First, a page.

Dryden, Ont. – I swear I didn’t know until I was driving here Monday for the Northwest Response Forum that Dryden is in the Central time zone. I’m fairly well-traveled and well-read (and those who know me will tell you that I like to think I know a fair about, well, everything!) so I’m still shaking my head about having missed that crucial detail of Canadiana. I did, however, know that Dryden is the home of NHL defenceman Chris Pronger – as a sign at the entrance to town proclaims – and that Air Ontario flight 1363 crashed in Dryden in 1989, an emergency that killed 21 of 65 passengers and three of four crew members. This week, Dryden and Fire Chief Ken Kurz – along with the Ministry of Natural Resources and the Red Cross – host the fourth emergency management conference; first up Tuesday afternoon was Ontario Fire Marshal Ted Wieclawek, in his fairly new capacity as head of emergency management. Wieclawek crammed a lot of information into the hour-long presentation, and there’s no question that the Office of the Fire Marshal and Emergency Management has its hands full as it integrates the two offices – fire and emergency management – and determines how response agencies and organizations can better collaborate. Collaboration is, obviously, critical to emergency management. Which is why I was hoping for more details from the fire marshal about the status of the province’s review of the incident management system and urban search and rescue teams. Wieclawek said the province is bringing together all kinds of organizations to “re-validate” IMS – “to look at it and see if it’s serving our needs” – Ministry of Natural Resources, Ministry of Transportation, the Salvation Army, paramedic chiefs, police, and armed forces, and fire. One goal of the review is to have experienced commanders available to help manage incidents such as ice storms, tornados and structural collapses, Wieclawek said. “So the next time we have a prolonged event in a municipality we’ll have the incident-support teams that can be available to them to help manage that incident.” Who specifically is involved in the IMS review? Which agency is responsible for rescue in Ontario? Will there be clarification on the role of the Ministry of Labour during a rescue, as recommended in the Elliot Lake inquiry report? Is there a plan for search and rescue teams, or funding? Maybe this forum in Dryden wasn’t the right place to go into this kind of detail given the diverse emergency management audience. The agencies mentioned in the Elliot Lake inquiry report recommendations have until Oct. 15 to respond; clearly there’s work going on but lots to do before that deadline. It has been almost three years since the Algo Centre mall collapsed, 18 months since the inquiry finished and six months since the recommendations were released. I guess we’ll have to wait.Read part 2 of Laura King's blog series from the Northwest Response Forum.Follow her on Twitter @FireinCanada, for live coverage of the conference.See a Storify collection of the tweets here.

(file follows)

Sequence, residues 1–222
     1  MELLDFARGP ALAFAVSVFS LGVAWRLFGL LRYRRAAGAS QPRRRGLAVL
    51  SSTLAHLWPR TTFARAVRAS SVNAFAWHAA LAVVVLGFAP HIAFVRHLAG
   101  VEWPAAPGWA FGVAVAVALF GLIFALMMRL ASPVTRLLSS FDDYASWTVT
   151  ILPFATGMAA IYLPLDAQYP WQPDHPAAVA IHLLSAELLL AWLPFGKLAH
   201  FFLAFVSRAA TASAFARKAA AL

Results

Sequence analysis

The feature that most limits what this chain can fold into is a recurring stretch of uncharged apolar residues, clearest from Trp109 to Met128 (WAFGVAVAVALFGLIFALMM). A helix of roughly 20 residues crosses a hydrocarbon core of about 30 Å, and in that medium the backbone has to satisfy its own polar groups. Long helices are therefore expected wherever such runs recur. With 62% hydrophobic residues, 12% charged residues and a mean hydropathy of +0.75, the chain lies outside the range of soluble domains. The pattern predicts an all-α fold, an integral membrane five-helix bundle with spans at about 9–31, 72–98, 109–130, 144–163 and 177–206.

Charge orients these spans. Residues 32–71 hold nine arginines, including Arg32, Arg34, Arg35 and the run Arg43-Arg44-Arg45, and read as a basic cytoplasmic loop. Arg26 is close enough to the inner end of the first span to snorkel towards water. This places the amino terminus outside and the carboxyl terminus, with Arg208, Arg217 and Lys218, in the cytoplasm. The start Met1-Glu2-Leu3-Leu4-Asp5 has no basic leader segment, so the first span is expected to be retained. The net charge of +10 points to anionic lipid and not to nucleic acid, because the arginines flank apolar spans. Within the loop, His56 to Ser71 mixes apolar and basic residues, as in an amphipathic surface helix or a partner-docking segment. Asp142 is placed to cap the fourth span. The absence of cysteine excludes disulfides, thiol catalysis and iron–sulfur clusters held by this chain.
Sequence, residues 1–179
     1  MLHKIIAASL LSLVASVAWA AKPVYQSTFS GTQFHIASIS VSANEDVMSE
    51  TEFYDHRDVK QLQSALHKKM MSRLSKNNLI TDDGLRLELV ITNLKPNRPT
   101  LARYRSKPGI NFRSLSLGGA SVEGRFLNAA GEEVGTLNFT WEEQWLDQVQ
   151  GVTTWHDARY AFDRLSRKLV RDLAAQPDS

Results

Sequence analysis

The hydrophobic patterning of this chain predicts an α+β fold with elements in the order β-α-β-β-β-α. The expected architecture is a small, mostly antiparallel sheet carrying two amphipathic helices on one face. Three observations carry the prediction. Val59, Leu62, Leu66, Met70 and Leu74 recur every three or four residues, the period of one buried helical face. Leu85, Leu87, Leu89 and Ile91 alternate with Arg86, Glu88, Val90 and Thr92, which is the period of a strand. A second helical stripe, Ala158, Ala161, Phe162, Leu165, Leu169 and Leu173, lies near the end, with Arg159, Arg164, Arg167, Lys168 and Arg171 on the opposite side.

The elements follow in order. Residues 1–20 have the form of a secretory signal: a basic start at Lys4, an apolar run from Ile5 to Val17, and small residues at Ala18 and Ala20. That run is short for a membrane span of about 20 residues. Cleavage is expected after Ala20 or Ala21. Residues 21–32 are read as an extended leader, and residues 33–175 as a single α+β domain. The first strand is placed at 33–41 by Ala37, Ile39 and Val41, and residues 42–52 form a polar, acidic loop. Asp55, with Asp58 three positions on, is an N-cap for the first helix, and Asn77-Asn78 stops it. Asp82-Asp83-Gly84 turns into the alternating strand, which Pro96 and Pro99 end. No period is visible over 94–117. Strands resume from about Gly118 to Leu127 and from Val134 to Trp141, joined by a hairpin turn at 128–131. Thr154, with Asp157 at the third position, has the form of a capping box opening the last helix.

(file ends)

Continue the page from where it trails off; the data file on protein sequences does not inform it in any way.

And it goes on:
Toronto – With apologies to family and friends in Atlantic Canada, it’s spring. Which means that in the next few weeks, those of us who write about or sell to the fire industry are heading northwest, to Dryden, Ont., for an emergency management forum, southwest, to Indianapolis, for FDIC, and back to Toronto for the Ontario chiefs conference and trade show. That’s just the first leg, but after this harsh and dismal winter of everyone’s discontent, during which fire fatalities made headlines far too often, bad hotel food and blisters from walking trade-show floors will be a welcome diversion. This week in Dryden we’ll hear (more) about the mall collapse in Elliot Lake and the response to it, flooding in Fort Frances, the Lac-Megantic disaster, and the tornado in Angus, Ont. We’ll hear about pandemics, panic and weather patterns, wildfires and cross-border co-operation. And we’ll hear from partners such as the Red Cross – a vital agency in the emergency-response chain. I used to think emergency management and incident management were bureaucratic terms used in other places where bad things happen to good people – massive earthquakes in faraway countries that kill thousands, for example. But the list for this week’s Northwest Emergency Response Forum blows up that theory: structural collapse with two fatalities in a former mining town; a train derailment and explosion that killed 47 people in Quebec’s Eastern Townships; and significant weather events in rural Ontario. These incidents alone involved hundreds of first responders, municipal managers and members of partner agencies. And it’s crucial that those people know how to work together. We know that in Elliot Lake after the Algo Centre mall collapsed in June 2012 there were some communication issues among responding agencies, that there was confusion over rescue versus recovery. We know two responding teams – Toronto’s HUSAR and the OPP’s UCRT – had never trained together. We know the province is reviewing incident management and that in Ontario the Office of the Fire Marshal is now also responsible for emergency management. We know that some of the lessons learned in Elliot Lake were applied in Angus in June 2014 when a tornado ripped roofs and backs off homes in a quiet subdivision: communication was first rate; a scribe was used to take notes; duties were clearly defined. Nothing had changed on paper – by government – but those in charge had read and listened and acted. (I like to think we played a small part – that the lessons learned were applied because the responders read our blanket coverage of the Elliot Lake inquiry online and in our magazine!). I’m looking forward to Fire Marshal Ted Wieclawek’s presentation Tuesday called The Changing Face of Emergency Management, to find out where things stand. Will there be clarification on the role of the Ministry of Labour during a rescue, as recommended in the Elliot Lake inquiry report? What’s going on with the provincial incident management system – it is being reviewed but what’s the status of the review and who or which agencies are involved? Is there a plan for search and rescue teams, or funding? The province said in November 2013 – almost a year before the inquiry report was released on Oct. 15, 2014 – that it would review IMS, figure out how the HUSAR and UCRT teams could train together, and improve communication among agencies. The province should be well on its way to making the changes recommended by Commissioner Paul Belanger in the report that was released six months ago. Fire Marshal Wieclawek speaks first thing tomorrow afternoon. I’ll let you know what he says.Read Laura King's blogs part 1 and part 2 from the Northwest Response Forum.